Possibly because of numerous 'uses' during a commuter train with station stops, on EL this was a small diameter metal cable for strength and durability.
Coming into Hoboken the flagman/rear collector would signal to fireman that he was opening the steam line on rear car and to reduce steam pressure to train.

This was on diesel hauled E-L/ERIE trains and E-L/DL&W Boonton Line trains.

rrcaboose 



Date: 01/17/22 11:17
Re: “Air signal systems”, old style passenger cars & locos
Author: wcamp1472

Yes! A sensible use of the “comm-whistle”….It was a common practice to allow the
steam lines to ‘cool-down’  and also release all pressure.... for the safety of the car
department inspectors and  mechanics, as trains sometimes were uncoupled and
switched around.. 

The key component, because there were so many of them, sprinkled under the cars, was the
steam traps at all the low points…. Steam traps contained compact, sealed brass, disc diaphragms
containing alcohol.  When steam hit the traps, the diaphragms expand closing off the drain line
(leading to the ground). As the steam in the individual radiators cooled, the condensate collecteed in
the steam traps….

That condensed water soon turned cold, cooling & condensing the trapped alcohol;
thus, opening the trap ….draining the accumulated water. So, when the steam-flow
from the locomotives was stopped, it allowed the traps to open, and drain the collecting
condensate.  

 Often, over time the traps lost alcohol. ( meaning they were open all the time), or became
jammed-open with rust-bits, etc.  and when stuck open they blew steam.  
But, a ‘tight’ train simply dribbled condensate from all the automatic drains and had
the rear car’s end-valve cracked open, and gently blowing… thus, actually using only
a small amount of boiler steam.. 

Leaks were tremendously costly, but few wanted to spend the time to keep things tight….and
access to the faulty traps was often hard to find and a pain to repair.   Easy to do once you got under
there, but what a PITA in cold, blowy weather and you gotta spend time, stop the steam flow and
allow time to let the hot parts to cool down.  Often, the caps and covers were badly rusted abd 
difficult to get open...and a pain to try to reassemble..

Managements soon decided that keeping up with leaky traps was a fool’s errand —— especially if leaky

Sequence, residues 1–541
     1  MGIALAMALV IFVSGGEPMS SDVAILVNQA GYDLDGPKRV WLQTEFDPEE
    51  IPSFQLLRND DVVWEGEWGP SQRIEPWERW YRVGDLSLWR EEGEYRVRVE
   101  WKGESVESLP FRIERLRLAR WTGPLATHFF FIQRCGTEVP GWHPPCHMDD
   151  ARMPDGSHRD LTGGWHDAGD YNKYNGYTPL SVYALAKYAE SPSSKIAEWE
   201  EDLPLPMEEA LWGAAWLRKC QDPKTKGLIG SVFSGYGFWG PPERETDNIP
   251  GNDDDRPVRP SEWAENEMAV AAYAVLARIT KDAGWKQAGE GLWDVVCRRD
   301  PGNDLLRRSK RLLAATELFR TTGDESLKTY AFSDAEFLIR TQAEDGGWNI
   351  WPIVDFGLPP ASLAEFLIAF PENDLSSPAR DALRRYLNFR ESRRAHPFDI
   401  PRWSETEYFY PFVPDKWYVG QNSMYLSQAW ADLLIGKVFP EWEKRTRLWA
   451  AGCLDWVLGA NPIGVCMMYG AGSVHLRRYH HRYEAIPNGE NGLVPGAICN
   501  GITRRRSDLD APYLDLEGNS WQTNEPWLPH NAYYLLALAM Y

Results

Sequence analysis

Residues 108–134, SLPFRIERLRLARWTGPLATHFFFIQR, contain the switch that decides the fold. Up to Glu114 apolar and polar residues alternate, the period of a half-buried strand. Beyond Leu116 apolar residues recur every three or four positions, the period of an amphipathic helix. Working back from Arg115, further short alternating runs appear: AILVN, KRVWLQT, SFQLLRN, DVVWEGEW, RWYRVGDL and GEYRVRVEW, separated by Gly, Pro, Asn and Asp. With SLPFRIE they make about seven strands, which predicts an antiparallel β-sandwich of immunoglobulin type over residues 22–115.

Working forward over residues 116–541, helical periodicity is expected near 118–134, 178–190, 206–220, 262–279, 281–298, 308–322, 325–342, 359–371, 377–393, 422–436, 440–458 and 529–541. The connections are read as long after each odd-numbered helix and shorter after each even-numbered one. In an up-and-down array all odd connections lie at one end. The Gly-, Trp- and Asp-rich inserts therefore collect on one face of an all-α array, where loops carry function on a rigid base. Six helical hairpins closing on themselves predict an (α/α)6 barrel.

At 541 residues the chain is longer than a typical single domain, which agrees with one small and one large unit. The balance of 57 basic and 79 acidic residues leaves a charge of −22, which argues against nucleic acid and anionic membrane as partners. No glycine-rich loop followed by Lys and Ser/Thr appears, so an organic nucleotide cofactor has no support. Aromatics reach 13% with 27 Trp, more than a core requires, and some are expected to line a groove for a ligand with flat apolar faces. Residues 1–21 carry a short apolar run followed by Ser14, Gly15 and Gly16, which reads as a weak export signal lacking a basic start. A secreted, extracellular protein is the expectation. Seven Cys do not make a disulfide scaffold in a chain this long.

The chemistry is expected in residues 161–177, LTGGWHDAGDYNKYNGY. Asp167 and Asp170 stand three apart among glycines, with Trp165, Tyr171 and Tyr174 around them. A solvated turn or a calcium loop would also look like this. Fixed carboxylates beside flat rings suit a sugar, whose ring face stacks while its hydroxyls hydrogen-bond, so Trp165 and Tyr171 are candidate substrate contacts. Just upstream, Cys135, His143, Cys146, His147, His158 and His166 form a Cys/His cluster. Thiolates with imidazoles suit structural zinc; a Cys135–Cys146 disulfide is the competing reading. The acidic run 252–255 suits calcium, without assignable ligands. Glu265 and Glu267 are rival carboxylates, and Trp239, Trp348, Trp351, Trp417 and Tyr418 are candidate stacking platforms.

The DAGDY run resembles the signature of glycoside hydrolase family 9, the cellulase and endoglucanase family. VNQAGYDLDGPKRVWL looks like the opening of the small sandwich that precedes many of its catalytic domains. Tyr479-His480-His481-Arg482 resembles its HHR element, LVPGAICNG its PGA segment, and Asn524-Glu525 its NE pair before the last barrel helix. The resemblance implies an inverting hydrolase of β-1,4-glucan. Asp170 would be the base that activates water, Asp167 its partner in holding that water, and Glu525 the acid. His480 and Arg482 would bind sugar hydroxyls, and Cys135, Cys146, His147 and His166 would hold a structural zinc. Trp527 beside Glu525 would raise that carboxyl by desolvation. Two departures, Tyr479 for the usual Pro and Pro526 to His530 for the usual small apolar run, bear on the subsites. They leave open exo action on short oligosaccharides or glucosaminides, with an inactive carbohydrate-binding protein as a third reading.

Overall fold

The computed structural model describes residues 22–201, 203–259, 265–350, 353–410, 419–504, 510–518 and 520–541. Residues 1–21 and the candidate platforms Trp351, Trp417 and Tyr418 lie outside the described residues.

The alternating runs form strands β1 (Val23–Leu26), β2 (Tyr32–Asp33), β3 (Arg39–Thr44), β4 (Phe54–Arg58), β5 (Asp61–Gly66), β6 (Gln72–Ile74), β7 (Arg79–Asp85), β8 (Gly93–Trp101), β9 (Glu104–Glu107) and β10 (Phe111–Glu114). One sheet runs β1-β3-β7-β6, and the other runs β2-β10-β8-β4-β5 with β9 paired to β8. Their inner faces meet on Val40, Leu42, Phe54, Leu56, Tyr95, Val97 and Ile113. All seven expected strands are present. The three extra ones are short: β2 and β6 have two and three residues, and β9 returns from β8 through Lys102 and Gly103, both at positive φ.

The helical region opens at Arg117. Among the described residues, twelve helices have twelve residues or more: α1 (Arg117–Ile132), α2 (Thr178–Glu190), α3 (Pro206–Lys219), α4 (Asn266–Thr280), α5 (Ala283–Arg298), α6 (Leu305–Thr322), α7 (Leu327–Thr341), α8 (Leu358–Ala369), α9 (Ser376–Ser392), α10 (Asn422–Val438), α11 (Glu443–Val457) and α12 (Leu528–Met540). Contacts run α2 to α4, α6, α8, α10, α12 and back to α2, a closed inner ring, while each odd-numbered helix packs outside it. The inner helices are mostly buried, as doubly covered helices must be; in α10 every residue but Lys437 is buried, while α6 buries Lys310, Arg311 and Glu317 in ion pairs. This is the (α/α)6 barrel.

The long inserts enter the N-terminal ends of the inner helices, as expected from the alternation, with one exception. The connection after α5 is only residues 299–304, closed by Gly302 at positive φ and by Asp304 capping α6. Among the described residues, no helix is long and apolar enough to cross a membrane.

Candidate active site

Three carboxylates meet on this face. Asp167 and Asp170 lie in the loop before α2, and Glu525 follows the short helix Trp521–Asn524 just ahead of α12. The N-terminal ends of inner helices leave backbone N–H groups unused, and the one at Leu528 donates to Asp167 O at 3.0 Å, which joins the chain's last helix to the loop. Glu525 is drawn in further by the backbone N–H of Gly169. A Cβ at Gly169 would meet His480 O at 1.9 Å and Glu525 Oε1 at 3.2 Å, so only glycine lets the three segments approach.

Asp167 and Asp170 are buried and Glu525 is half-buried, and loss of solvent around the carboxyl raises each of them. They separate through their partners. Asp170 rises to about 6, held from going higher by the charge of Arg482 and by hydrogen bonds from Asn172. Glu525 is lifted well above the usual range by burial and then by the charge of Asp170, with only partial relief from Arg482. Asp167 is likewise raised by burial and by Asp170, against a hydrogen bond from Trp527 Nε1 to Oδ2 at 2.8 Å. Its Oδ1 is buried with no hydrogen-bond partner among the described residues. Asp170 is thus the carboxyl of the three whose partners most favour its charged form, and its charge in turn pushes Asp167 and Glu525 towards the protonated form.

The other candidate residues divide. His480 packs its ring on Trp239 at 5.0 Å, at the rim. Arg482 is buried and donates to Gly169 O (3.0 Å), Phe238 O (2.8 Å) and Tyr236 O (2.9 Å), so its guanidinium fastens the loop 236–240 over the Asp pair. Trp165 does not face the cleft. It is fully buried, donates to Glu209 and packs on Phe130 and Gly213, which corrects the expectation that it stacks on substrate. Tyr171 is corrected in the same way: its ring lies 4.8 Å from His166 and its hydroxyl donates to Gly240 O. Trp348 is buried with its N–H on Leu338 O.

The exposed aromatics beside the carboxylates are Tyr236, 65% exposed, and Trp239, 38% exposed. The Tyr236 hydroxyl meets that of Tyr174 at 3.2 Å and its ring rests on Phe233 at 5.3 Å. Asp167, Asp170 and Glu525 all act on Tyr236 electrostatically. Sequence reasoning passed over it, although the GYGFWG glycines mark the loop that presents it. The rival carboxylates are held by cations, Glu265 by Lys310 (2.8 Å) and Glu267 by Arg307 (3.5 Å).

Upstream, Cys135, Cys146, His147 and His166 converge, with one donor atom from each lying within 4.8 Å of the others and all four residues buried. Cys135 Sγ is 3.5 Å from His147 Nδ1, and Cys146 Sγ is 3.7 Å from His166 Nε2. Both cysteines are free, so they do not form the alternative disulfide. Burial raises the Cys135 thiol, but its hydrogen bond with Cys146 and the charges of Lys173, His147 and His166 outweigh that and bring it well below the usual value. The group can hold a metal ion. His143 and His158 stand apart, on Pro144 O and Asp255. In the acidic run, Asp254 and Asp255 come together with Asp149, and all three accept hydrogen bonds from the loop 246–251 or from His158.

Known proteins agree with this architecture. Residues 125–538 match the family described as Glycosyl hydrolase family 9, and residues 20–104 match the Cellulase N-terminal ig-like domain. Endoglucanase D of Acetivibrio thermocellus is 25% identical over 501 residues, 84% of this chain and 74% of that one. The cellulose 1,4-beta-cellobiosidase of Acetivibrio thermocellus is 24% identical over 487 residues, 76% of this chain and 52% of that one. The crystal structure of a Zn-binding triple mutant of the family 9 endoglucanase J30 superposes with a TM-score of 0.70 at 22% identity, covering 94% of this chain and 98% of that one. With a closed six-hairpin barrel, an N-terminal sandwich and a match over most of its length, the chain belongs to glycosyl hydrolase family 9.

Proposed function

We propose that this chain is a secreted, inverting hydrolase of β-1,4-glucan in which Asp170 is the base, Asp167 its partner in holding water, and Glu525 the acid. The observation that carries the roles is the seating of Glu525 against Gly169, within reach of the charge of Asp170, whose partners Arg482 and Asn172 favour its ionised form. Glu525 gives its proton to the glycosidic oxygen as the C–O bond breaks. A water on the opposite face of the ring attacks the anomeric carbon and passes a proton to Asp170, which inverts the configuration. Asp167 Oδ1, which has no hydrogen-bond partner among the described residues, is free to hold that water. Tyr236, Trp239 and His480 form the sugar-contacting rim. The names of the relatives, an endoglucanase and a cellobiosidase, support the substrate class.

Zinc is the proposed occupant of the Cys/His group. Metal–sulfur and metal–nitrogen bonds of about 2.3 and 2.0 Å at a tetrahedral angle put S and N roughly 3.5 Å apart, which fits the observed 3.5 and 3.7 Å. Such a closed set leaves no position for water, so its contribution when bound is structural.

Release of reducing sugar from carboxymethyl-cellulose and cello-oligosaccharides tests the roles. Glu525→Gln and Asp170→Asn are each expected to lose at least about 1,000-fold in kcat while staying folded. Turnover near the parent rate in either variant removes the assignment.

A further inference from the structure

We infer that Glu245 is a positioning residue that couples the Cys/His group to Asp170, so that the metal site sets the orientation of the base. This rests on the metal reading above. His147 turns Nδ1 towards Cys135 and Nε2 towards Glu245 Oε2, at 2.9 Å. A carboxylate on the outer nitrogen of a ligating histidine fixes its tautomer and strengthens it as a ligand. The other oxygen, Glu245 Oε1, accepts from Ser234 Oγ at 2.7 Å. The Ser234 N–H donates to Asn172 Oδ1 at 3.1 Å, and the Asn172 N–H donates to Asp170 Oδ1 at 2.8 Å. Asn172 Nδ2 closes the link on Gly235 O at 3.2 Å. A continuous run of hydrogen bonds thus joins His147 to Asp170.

cars were owned by a ‘foreign’ railroad. 

 So, there’s stories about ‘P’ rr and ‘B’ rr:
"B rr heats their train by running steam through the cars:  
P rr, runs their cars through the steam!”

Hah! 

W. 
Sent from my iPad



Edited 2 time(s). Last edit at 01/17/22 12:36 by wcamp1472.



Date: 01/17/22 17:18
Re: “Air signal systems”, old style passenger cars & locos
Author: llafro

Many older cars (especially PVs) had the signal line converted into Amtrak's main reservoir line. We did that with our car, Tioga Pass. We removed the valves and branch pipes, but left the main part of the piping in place. Venting angle cocks and different hoses complete the changeover. So, you can say that signal lines live on.

The conductor's signal valve was still in place on the platform end until 2013, when we redid all of the platform railings. It was really tucked up inside the ralings and we couldn't get to it to remove it. I remember torch cutting the pipe and droping a bit of slag into my shoe. Hot foot!



Date: 01/18/22 07:34
Re: “Air signal systems”, old style passenger cars & locos
Author: NKP779

When NKP 765 came back to life in Dec. 1979,
it still had the steam heat and air signal lines in place.

We used the steam heat lines a lot, especially on the New River Train and even the tool car on deadhead moves. Gradually on- board generators started showing up and the car owners switched to electric. By the late 1980's there was no more call for steam heat.

There was NEVER any request to use the air signal system, not even on the New River.

During the big overhaul around 2005, the last of the steam heat and air signal lines were removed just to get rid of the unused clutter.

Posted from Android



Date: 01/18/22 08:01
Re: “Air signal systems”, old style passenger cars & locos
Author: wcamp1472

Removal, in this day and age, makes sense.
FRA rule: If equipment is 'on' the loco, it must be functional....
therefore, if not needed & not used -- remove it!

W.

 



Date: 01/18/22 17:11
Re: “Air signal systems”, old style passenger cars & locos
Author: Steinzeit2

Pressure in the signal line also told the AB-1B it was entrained in a passenger or express freight consist.  Were there other non-communication uses for the signal line like that ?

SZ



Date: 01/18/22 19:08
Re: “Air signal systems”, old style passenger cars & locos
Author: agentatascadero

I can remember when this device was utilized in everyday operations.  Even as a small kid, I liked to hang out in the vestibules with the crew, and they always were accomodating...even letting me stand on the stepstool so I could see out the vestibule, and would see the pulls on the chord.

AA

Stanford White
Carmel Valley, CA